When you encounter a number, what sort of numerical information is it giving you? Is the number functioning merely as a label? Or is it counting how many? Does it denote a magnitude or merely indicate an ordering relation? All such questions address the issue of scale. When you see a number, it belongs to one of five scales:
Nominal scale. Here the numbers are merely serving as a label to distinguish different items. Think of social security numbers. They simply distinguish people in the United States, nothing more. The fact that one social security number is bigger than another tells us nothing about people’s respective ages, heights, or anything else about the people who possess them. Social security numbers belong to a nominal scale.
Ordinal scale. Here the numbers indicate an order but provide no magnitude information. For instance, imagine that prisoners in a prison get their numbers assigned by the order in which they entered the prison. The first prisoner gets number 1, the second number 2, and so on. The prisoners’ numbers thus tells us whether one prisoner entered prison before or after another, but tell us nothing about when or how much longer one prisoner entered prison before another. These prison numbers belong to an ordinal scale.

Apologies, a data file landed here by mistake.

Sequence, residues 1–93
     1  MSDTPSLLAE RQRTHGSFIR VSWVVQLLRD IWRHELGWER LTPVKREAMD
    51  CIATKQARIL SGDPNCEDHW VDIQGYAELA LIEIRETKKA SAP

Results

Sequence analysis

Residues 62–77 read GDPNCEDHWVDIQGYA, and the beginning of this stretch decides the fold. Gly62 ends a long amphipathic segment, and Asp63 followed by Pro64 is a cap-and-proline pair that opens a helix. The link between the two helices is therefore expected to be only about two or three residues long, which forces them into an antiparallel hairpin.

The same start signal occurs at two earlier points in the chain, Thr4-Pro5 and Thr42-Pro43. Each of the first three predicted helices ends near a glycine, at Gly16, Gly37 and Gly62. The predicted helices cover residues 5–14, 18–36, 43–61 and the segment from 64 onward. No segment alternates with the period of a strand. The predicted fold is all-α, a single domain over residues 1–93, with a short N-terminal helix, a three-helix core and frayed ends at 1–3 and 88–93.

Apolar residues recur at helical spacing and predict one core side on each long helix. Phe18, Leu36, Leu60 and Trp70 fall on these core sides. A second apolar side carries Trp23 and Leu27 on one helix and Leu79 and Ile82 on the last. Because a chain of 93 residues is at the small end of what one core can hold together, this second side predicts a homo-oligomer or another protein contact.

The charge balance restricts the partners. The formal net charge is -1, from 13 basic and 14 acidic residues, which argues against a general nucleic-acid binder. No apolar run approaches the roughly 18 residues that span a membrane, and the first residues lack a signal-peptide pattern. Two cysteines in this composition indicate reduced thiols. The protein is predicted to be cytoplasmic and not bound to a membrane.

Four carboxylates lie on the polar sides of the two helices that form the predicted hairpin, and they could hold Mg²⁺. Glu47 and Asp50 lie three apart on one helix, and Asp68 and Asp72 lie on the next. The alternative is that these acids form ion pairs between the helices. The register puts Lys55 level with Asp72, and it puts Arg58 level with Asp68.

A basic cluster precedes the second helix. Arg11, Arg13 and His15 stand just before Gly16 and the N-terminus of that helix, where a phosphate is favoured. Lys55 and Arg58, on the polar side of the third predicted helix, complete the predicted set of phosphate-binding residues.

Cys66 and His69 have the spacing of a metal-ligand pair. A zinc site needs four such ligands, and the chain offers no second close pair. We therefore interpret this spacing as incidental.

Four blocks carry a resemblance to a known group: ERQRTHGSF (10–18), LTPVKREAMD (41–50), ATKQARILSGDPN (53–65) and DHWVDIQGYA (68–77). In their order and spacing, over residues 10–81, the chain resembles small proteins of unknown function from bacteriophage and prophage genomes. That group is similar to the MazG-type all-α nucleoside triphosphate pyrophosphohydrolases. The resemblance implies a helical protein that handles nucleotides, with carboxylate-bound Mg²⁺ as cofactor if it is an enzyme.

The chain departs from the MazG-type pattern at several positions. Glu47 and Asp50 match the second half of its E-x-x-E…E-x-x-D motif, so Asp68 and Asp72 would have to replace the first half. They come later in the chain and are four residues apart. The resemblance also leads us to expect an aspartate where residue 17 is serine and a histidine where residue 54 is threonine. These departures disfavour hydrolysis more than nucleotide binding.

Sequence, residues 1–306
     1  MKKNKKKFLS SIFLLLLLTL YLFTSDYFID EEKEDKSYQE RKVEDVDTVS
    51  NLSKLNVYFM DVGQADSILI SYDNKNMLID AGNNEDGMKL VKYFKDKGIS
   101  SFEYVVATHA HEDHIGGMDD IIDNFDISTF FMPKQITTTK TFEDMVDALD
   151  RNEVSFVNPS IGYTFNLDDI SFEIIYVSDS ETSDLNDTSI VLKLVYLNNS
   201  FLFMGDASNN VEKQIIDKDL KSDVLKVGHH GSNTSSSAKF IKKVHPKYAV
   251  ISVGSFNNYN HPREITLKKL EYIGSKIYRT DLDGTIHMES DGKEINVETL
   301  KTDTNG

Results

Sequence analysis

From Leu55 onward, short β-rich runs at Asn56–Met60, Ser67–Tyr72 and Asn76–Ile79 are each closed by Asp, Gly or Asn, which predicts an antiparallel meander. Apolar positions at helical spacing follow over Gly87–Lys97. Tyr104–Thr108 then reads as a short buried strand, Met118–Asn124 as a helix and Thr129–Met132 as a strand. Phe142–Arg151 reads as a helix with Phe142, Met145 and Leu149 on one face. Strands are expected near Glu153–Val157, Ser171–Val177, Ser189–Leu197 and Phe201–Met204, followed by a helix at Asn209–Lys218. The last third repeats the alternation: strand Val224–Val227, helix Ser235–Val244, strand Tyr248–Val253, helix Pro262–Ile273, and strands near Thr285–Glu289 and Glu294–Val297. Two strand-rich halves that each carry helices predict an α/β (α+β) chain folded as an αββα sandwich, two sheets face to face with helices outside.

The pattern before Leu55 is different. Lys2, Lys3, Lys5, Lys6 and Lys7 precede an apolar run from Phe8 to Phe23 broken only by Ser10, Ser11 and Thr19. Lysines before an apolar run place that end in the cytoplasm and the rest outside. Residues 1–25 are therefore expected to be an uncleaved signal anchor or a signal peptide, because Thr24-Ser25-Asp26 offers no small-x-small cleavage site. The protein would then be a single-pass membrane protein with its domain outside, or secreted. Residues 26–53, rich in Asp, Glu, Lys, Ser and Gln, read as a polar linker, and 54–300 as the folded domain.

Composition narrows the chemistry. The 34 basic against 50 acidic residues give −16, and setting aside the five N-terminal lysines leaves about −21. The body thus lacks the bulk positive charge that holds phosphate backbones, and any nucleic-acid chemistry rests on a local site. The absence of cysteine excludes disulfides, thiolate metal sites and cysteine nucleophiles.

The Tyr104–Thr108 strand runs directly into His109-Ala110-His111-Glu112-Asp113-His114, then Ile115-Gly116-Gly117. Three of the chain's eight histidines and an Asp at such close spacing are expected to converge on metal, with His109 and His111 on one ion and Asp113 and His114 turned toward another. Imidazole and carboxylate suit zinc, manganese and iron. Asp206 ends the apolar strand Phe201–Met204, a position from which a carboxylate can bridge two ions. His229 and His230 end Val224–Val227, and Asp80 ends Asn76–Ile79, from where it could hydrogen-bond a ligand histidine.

Interval scale. Here the numbers provide information of relative magnitudes. Consider street addresses in a city that is laid out as a grid, such as Chicago. A difference of 800 indicates one mile. Thus Western Avenue, which is 2400 west, is two miles from Pulaski Avenue, which is 4000 west (both these streets run north-south). But allowing 800 to indicate one mile is arbitrary, as is assigning Western Avenue to 2400 west. Instead of 800, city planners could have let 500 indicate a mile; and they could have let Western Avenue be 0 west or even 600 east. The functionality of Chicago street numbers is unchanged by both the addition and the multiplication of a constant, which leave interval information unchanged. These street numbers therefore belong to an interval scale.
Ratio scale. Here the numbers provide information about relative magnitudes, but the zero point is fixed. Consider distance from a given point. One can measure the distance in meters or feet or miles; all that’s required to make the conversion of units is multiplication by a constant. But the distance from a point to itself is always zero and doesn’t depend on the units of measurement. Distance information in this case is unchanged by the multiplication of a constant, which is the ratio of units. Distance therefore belongs to a ratio scale.
Absolute scale. Here the numbers can be only what they are. Such numbers are used to count the exact number of objects in some collection. How many marbles are in that jar? The answer admits only one number, that is, the exact number of marbles in the jar. When a number gives an exact count, it admits no variation. It is what it is and can be no other. In that case, the number belongs to an absolute scale.
REFERENCE: Warren S. Torgerson, Theory and Methods of Scaling. New York: Wiley, 1958.